In a millisecond, the Google search engine on the topic of “how to name your child” churns out 761 million responses, give or take a couple of million.
So, let’s narrow it down a bit.
For Christine and Chris Baglow, the search for a meaningful name for each of their four children actually grew out of their Catholic faith and experience.
The Baglows decided to use their love of the saints and the compelling examples of saints’ lives to help them not only pick a name for their children but also provide them with a lifetime connection to an icon of the Catholic faith.
“I would say honestly that everything we do, whether we do it well or not, is because our deepest desire for our children is that they be Catholic – dynamically Catholic and authentically Catholic,” Christine Baglow said. “We want them to live their lives in union with God and his church. There are no better hero stories than the saints.”
The Baglows have four children – Margaret Jane, 13; John Trevor, 10; Peter George Trevor, 6; and William Edmund, 11 months old.
Trevor is a family name that was used as the middle name for their first two sons. The other names all were chosen because of a special tug that the Baglows felt toward Catholic saints. Dr. Chris Baglow is a professor of systematic theology at Notre Dame Seminary.
Love for Reformation martyrs
Even before the Baglows married in 1995, they had decided that if their first child was a girl, they would name her Margaret. Christine has a devotion to St. Margaret Clitherow, a martyr of the Reformation who was put to death on Good Friday in 1586 for the crime of harboring Catholic priests in her home for the celebration of secret Masses.
“Both Chris and I also have a devotion to St. Thomas More, and his daughter was Margaret More,” Christine said. “Chris had this vision of having the kind of relationship that Thomas and Meg shared. We knew that Margaret was etched in stone for the first girl.”
John was named for both St. John the Baptist and St. John the Evangelist; Peter George is the anglicized version of Blessed Pier Giorgio Frasatti, who was dedicated to charitable works and died in 1925 at the age of 24; William is named for the 56 Williams of the Reformation who are declared blessed, including printer William Carter and Welsh priest Father William Davies. William’s middle name, Edmund, is for St. Edmund Campion, a Jesuit martyr of the Reformation.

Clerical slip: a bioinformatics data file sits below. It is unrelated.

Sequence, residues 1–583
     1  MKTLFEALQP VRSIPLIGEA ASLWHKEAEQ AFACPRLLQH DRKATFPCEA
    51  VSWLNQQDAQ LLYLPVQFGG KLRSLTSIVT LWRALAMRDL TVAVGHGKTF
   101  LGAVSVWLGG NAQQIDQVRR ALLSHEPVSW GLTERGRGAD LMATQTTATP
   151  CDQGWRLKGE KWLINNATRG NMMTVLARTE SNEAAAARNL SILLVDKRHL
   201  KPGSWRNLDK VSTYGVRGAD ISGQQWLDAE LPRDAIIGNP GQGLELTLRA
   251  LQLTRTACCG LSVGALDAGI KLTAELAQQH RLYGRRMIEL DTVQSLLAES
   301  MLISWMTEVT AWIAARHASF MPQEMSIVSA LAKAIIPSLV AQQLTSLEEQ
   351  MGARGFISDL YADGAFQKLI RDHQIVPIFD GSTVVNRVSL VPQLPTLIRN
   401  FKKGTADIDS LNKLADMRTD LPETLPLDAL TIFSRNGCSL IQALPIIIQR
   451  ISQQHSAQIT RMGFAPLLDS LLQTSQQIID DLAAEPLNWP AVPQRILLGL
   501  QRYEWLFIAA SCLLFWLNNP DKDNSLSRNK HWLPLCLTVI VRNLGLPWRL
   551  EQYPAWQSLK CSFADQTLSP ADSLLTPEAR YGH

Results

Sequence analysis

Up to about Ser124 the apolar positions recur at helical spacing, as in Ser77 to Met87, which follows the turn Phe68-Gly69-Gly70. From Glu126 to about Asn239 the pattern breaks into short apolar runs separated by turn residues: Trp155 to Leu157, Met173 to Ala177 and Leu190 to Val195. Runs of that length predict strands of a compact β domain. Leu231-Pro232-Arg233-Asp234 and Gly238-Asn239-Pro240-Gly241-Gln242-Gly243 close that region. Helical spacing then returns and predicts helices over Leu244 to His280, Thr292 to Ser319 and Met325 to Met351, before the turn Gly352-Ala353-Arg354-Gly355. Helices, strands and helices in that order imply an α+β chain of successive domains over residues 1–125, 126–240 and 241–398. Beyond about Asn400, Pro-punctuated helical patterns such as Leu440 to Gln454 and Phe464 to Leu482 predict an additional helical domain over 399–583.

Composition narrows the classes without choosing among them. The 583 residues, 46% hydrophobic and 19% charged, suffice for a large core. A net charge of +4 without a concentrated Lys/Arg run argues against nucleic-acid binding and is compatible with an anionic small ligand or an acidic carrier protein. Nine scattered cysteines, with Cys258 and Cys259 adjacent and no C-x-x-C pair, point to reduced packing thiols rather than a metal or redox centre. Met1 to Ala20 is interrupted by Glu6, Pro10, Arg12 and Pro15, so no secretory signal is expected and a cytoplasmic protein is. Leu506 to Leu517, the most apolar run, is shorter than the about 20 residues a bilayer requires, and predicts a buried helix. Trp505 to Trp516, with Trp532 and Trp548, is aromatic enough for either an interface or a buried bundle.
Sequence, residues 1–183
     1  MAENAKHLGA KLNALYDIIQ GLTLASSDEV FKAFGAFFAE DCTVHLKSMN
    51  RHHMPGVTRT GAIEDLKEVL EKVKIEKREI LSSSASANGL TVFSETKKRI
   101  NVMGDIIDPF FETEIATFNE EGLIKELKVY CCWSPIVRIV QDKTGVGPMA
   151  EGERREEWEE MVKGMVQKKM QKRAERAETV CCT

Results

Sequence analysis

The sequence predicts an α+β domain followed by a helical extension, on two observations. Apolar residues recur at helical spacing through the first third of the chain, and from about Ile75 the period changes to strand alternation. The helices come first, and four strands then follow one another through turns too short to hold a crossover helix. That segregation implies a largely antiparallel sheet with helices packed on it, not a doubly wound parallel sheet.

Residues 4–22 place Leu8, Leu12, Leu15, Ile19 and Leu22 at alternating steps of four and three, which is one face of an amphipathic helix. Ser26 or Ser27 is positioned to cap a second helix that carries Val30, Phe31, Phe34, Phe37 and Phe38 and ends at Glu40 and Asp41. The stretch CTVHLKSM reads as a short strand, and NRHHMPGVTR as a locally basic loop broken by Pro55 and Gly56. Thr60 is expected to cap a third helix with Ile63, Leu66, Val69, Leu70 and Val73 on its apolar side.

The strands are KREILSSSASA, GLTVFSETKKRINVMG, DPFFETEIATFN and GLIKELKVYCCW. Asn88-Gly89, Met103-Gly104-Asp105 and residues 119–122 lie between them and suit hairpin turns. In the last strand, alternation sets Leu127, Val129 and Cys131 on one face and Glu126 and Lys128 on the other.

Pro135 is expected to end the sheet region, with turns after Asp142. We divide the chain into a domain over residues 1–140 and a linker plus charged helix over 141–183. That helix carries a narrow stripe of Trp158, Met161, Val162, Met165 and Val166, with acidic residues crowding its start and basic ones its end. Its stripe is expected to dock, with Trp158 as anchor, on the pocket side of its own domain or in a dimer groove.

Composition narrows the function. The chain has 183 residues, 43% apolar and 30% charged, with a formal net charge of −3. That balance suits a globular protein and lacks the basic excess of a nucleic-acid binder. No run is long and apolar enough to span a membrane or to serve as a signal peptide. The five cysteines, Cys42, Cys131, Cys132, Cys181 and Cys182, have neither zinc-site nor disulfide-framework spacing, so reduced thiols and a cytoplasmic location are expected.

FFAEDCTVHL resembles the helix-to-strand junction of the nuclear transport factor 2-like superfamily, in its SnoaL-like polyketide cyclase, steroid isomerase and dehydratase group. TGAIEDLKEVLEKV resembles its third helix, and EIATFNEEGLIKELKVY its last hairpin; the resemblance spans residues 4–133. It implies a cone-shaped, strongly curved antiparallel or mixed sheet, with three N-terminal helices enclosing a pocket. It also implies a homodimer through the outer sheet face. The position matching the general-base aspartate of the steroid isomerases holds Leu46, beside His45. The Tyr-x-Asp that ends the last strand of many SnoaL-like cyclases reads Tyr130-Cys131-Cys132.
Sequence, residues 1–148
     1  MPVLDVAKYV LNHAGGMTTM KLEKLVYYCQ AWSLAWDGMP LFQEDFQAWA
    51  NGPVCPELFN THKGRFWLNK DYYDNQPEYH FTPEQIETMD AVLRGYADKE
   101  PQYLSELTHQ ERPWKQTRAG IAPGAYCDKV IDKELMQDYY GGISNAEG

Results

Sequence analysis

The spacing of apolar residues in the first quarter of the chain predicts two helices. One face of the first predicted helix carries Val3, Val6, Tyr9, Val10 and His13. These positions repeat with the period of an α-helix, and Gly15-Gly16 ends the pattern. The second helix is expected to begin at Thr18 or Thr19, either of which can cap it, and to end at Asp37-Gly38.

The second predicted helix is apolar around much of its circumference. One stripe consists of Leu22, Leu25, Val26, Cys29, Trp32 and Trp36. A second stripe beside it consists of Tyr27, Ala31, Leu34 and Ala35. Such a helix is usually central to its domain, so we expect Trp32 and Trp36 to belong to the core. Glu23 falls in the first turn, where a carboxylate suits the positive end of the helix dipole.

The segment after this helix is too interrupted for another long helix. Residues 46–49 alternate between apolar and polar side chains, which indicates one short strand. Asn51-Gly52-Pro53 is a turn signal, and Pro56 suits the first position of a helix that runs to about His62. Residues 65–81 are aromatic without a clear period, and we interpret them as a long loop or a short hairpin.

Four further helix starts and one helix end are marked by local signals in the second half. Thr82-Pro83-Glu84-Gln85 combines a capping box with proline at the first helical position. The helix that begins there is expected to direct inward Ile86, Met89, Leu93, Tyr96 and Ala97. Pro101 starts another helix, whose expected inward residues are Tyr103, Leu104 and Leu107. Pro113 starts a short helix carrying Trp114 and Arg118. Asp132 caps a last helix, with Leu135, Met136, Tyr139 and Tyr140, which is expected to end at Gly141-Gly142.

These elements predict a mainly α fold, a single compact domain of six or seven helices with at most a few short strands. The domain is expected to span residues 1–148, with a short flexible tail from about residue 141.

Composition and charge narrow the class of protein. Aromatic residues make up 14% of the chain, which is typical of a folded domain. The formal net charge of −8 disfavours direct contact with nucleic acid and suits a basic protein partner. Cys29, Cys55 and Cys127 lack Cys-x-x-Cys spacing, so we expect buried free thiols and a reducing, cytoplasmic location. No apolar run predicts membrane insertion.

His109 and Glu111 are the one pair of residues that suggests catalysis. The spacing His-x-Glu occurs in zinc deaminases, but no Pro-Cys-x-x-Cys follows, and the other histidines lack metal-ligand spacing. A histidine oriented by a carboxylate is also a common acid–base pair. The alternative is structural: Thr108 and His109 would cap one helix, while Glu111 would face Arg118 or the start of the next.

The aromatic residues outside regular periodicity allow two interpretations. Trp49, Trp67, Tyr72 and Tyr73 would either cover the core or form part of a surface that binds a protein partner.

So, what’s in a name?
Christine Baglow says as the children grow up and learn the reasons for their names, they will grow to appreciate the holiness of life that the saints exhibited. It will become a talking point, especially during preparation for first Communion and confirmation.
“As a family, we share the stories of the faith,” said Christine, who home-schools her children. “For one thing, they know they are not alone – ever. I can remember when Margaret was making her first Communion, I talked to her about St. Margaret, who would coordinate covert Masses even if she couldn’t go herself. She was that committed to the Eucharist and to the priesthood. We talked about St. Margaret walking alongside of her when she was going to Communion. She has this companion.”
The name John was special to Christine because of her devotion to St. John the Baptist. She made a pilgrimage to Medjugorje, which she said changed her life. The apparitions at Medjugorje began on June 24, the Feast of St. John the Baptist. Her husband loves the Gospel of St. John the Evangelist.